• CMS released a trends report that provides data on the number of individuals who signed up for coverage on HealthCare.gov through a special enrollment period (SEP) during the pandemic. As a result of the economic disruption that followed COVID-19 outbreaks, many consumers experienced life changes—particularly related to employment—that allowed them to enroll in health coverage through the Exchange.  Enrollment data for April and May of this year show that thousands of Americans who lost job-based coverage due to COVID-19 are successfully taking advantage of existing SEPs to enroll in coverage.
  • The CDC has added congestion or runny nose, nausea, and diarrhea to the list of COVID-19 symptoms. 
  • The CDC continues to update its dashboard with new guidance documents and details, and I highly encourage taking a look at the succinct answers provided to frequent asked questions. Over the past few days, the agency updated the operational considerations for COVID-19 mitigation measures in low resource settings (markets), revised the special populations data, and updated the strategy for serology surveillance
  • Based on a detailed review of available evidence to date, CDC has updated and expanded the list of who is at increased risk for getting severely ill from COVID-19. Older adults and people with underlying medical conditions remain at increased risk for severe illness, but now CDC has further defined age- and condition-related risks.
  • A transcript for the most recent CDC COVID-19 telebriefing is available here
  • Here is last week’s COVIDView from CDC, a weekly summary and interpretation of key indicators that have been adapted to track the COVID-19 pandemic in the U.S.
  • A recent GAO report found that the Small Business Administration processed over $512 billion in guaranteed small business loans, but isn’t ready to address fraud risks and hasn’t said how it plans to oversee the loans. Also, the IRS and the Treasury made 160.4 million payments worth $269.3 billion to taxpayers as of May 31—including payments to more than a million deceased individuals.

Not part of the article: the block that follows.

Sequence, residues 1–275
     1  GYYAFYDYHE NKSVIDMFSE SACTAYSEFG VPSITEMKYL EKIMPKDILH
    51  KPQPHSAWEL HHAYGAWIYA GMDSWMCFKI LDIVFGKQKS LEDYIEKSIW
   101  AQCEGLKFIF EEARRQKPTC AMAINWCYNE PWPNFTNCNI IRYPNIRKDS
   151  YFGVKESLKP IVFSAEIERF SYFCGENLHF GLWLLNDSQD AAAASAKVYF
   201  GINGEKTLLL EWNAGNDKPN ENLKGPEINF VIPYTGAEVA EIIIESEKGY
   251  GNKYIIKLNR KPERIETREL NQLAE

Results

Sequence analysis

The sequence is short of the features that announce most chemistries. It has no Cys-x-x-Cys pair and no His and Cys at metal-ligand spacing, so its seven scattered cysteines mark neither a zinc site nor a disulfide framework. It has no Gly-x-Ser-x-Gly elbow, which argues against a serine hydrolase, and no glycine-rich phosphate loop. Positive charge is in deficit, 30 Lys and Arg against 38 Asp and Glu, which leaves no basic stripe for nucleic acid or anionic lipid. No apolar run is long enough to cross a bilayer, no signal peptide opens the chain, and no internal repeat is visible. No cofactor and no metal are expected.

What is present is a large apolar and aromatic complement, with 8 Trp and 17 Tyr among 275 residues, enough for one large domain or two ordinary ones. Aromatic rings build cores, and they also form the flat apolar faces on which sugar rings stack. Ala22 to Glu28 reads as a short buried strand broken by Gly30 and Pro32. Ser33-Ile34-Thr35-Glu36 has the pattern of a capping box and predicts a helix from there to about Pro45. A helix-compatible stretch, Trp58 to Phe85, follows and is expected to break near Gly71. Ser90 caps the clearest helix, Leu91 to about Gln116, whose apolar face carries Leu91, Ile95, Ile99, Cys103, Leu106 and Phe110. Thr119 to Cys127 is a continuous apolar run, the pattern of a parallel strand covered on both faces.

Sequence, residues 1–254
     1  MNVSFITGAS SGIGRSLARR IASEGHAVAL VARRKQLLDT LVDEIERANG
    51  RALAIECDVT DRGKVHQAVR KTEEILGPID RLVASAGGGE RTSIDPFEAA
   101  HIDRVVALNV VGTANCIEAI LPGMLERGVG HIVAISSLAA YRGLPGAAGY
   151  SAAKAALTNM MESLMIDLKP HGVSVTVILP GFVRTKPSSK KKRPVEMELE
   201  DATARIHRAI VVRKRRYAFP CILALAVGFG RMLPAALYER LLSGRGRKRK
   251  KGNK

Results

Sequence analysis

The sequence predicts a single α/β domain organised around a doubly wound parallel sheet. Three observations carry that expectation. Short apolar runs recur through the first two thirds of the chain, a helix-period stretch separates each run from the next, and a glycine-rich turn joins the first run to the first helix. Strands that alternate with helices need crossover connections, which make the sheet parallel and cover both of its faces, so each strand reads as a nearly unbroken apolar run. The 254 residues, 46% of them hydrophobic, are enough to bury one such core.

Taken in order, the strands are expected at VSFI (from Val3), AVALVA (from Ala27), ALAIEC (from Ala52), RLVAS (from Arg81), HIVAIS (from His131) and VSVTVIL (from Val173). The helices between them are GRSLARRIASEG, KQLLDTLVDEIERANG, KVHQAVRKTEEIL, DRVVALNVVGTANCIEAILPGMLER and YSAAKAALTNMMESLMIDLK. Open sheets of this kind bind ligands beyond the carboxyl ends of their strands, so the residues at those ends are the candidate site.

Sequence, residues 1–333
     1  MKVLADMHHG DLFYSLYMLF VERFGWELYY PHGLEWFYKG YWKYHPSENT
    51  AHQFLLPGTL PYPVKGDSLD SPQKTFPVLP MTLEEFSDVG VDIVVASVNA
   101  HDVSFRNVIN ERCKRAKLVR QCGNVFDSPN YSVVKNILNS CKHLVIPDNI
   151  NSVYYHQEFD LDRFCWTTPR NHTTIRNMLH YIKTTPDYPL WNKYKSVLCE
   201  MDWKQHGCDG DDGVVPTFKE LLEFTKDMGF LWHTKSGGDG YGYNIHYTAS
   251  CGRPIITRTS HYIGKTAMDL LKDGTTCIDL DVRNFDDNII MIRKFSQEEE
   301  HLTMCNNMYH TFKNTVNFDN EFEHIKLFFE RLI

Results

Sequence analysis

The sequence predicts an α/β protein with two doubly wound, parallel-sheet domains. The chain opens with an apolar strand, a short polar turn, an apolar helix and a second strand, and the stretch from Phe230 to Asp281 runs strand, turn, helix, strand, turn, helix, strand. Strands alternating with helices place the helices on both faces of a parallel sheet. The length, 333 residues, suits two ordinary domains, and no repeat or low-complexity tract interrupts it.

• The following COVID-19 hearings are slated to place in Congress this week:
    • Tuesday (6/30) 10 AM Senate HELP, "Hearings to examine COVID-19, focusing on an update on progress toward safely getting back to work and back to school."
    • Tuesday (6/30) 10 AM Senate Foreign Relations, "Hearings to examine COVID-19 and United States international pandemic preparedness, prevention, and response, focusing on additional perspectives."
    • Tuesday (6/30) 11 AM House Energy and Commerce, "High Anxiety and Stress: Legislation to Improve Mental Health During Crisis."
    • Tuesday (6/30) 2:30 PM Senate Energy and Natural Resources, "Hearings to examine the impacts of the COVID-19 pandemic in the territories."
    • Thursday (7/2) 9 AM House Oversight, “The Administration’s Efforts to Procure, Stockpile, and Distribute Critical Supplies”
    • Thursday (7/2) 10 AM Senate Labor-HHS Appropriations, "Hearings to examine Operation Warp Speed, focusing on researching, manufacturing, and distributing a safe and effective coronavirus vaccine."

 

Other

 

As things develop involving the COVID-19 outbreak in Michigan, please continue to share with us your organization’s developments.  Let us know how we can assist with distributing both good news and important information to government stakeholders.

 

The state’s MI Safe Start Map dashboard is available here.  Subscribe to the State of Michigan’s COVID-19 website here.  The state is also operating a coronavirus hotline at (888) 535-6136.  The U.S. Centers for Disease Control updates information and resources here.

From: Michigan Executive Office of the Governor <mieog@govsubscriptions.michigan.gov>
Date: April 29, 2020 at 2:31:53 PM EDT
To: Melissa McKinley <mmckinley@kelley-cawthorne.com>
Subject: RELEASE: Governor Whitmer Announces “Futures for Frontliners,” a G.I. Bill Program for Essential Workers
Reply-To: mieog@govsubscriptions.michigan.gov



Governor Gretchen Whitmer Banner - headshot with bridge graphic